In medicine, an incidentaloma is a tumor (-oma) found by coincidence (incidental) without clinical symptoms or suspicion. It is a common problem: up to 7% of all patients over 60 may harbor a benign growth, often of the adrenal gland, which is detected when diagnostic imaging is used for the analysis of unrelated symptoms. With the increase of "whole-body CT scanning" as part of health screening programs, the chance of finding incidentalomas is expected to increase. 37% of patients receiving whole-body CT scan may have abnormal findings that need further evaluation. As many incidentally found lesions may never cause disease, there is a risk of overdiagnosis.
When faced with an unexpected finding on diagnostic imaging, the clinician faces the challenge to prove that the lesion is indeed harmless. Often, some other tests are required to determine the exact nature of an incidentaloma.
In incidental findings of adrenal gland tumors, a dexamethasone suppression test is often used to detect cortisol excess, and metanephrines or catecholamines for excess of these hormones. Tumors under 3 cm are generally considered benign and are only treated if there are grounds for a diagnosis of Cushing's syndrome or pheochromocytoma. Hormonal evaluation includes:
- 1-mg overnight dexamethasone suppression test
- 24-hour urinary specimen for measurement of fractionated metanephrines and catecholamines
- Blood plasma aldosterone concentration and plasma renin activity, if hypertension is present
On CT scan, benign adenomas typically are of low radiographic density (due to fat content) and show rapid washout of contrast medium (50% or more of the contrast medium washes out at 10 minutes). If the hormonal evaluation is negative and imaging suggests benign, followup should be considered with imaging at 6, 12, and 24 months and repeat hormonal evaluation yearly for 4 years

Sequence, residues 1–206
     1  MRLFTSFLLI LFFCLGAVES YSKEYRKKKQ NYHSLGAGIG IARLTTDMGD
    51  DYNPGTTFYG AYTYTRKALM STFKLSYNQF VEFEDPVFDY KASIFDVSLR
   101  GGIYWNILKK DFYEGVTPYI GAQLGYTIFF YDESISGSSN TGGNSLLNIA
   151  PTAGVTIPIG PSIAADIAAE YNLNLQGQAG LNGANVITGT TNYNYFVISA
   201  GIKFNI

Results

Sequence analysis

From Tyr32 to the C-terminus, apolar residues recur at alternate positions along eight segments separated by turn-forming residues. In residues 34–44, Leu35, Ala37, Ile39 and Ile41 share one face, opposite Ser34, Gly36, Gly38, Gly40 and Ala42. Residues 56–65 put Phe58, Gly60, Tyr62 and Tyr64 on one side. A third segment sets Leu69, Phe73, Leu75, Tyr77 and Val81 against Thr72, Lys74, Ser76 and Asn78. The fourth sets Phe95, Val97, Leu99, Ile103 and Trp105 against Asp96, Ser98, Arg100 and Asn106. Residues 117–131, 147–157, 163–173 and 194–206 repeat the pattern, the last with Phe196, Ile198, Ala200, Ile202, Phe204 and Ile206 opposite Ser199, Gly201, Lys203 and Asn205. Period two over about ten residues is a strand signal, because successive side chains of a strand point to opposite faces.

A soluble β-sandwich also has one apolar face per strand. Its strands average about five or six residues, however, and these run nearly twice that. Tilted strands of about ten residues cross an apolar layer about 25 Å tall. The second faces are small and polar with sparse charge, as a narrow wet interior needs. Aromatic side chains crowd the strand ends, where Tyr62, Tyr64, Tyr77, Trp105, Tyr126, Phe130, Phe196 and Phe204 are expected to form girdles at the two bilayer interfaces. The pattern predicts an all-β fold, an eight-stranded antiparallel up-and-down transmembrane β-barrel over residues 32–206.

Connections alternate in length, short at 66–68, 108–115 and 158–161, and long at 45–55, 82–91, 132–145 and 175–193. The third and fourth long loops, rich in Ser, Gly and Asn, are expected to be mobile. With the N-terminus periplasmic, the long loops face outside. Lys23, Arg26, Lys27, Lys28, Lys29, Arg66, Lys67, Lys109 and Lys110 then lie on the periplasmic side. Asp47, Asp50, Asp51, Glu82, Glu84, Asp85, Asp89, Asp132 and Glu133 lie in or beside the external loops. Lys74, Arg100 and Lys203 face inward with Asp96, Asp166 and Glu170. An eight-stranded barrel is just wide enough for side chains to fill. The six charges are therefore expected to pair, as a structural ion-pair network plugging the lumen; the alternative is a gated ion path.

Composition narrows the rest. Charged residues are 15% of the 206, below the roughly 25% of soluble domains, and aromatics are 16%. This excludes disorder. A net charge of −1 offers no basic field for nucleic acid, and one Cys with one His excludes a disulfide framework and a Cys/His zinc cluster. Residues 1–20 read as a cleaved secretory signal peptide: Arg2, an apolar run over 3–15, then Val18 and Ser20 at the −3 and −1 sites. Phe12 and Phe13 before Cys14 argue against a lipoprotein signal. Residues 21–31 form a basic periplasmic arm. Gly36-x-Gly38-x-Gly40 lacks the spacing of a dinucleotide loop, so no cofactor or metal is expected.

Autopsy series have suggested that pituitary incidentalomas may be quite common. It has been estimated that perhaps 10% of the adult population may harbor such endocrinologically inert lesions. When encountering such a lesion, long term surveillance has been recommended. Also, a baseline pituitary hormonal function test should be done, including measurements of serum levels of TSH, prolactin, IGF-1 (as a test of growth hormone activity), adrenal function (i.e. 24 hour urine cortisol, dexamethasone suppression test), testosterone in men, and estradiol in amenorrheic women.
Some experts recommend that nodules > 1 cm (unless the TSH is suppressed) or those with ultrasonographic features of malignancy should be biopsied by fine needle aspiration. Computed tomography is inferior to ultrasound for evaluating thyroid nodules. Ultrasonographic markers of malignancy are:
- solid hypoechoic appearance
- irregular or blurred margins
- intranodular vascular spots or pattern
Studies of whole body screening computed tomography find abnormalities in the lungs of 14% of patients. Clinical practice guidelines by the American College of Chest Physicians advise on the evaluation of the solitary pulmonary nodule.
The concept of the incidentaloma has been criticized, as such lesions do not have much in common other than the history of an incidental identification and the assumption that they are clinically inert. It has been proposed just to say that such lesions have been "incidentally found." The underlying pathology shows no unifying histological concept.
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